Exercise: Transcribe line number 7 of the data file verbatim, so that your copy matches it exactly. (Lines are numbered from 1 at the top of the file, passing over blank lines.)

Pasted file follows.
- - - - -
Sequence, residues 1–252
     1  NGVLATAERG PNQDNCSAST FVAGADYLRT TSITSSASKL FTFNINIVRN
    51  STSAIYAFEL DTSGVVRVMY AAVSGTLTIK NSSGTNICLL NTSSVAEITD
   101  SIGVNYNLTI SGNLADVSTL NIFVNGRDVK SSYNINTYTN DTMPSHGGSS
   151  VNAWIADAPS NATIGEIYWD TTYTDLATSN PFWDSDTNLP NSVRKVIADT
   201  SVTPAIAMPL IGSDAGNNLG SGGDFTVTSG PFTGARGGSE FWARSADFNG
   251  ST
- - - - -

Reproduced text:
   251  ST